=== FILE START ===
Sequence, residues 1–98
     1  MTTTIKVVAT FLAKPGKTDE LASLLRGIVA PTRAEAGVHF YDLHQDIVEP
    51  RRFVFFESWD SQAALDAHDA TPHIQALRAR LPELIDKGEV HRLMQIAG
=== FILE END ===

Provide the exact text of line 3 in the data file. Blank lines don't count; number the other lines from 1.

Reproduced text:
    51  RRFVFFESWD SQAALDAHDA TPHIQALRAR LPELIDKGEV HRLMQIAG